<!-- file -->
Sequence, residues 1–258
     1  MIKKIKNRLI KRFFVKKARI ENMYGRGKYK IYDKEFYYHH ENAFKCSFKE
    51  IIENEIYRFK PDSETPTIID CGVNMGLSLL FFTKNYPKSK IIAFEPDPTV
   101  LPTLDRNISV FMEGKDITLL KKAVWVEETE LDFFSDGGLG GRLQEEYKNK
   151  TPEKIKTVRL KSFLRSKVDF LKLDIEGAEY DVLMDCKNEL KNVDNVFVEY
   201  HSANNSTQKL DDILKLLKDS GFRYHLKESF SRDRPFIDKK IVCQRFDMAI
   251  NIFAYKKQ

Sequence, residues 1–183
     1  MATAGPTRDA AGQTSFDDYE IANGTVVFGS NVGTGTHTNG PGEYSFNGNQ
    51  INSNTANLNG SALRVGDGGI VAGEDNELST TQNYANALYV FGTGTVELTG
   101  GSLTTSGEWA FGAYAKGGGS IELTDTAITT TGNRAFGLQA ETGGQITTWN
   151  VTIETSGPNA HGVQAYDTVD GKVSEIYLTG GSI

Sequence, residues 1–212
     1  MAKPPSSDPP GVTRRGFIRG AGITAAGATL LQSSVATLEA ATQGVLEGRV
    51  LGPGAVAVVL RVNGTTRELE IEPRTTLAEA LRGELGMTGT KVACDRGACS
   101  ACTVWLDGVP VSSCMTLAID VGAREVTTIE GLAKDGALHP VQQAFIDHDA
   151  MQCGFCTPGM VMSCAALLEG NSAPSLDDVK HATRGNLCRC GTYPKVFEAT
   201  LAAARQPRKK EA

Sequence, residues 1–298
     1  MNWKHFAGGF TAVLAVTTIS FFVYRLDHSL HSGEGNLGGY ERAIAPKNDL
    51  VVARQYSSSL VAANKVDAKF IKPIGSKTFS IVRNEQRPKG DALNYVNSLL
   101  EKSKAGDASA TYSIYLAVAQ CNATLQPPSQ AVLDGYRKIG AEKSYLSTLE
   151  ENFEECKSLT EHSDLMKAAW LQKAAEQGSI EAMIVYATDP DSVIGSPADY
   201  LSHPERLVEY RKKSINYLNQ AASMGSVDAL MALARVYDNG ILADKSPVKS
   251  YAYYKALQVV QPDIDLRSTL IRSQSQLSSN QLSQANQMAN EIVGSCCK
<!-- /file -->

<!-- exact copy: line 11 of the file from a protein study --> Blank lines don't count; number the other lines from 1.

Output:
   101  GSLTTSGEWA FGAYAKGGGS IELTDTAITT TGNRAFGLQA ETGGQITTWN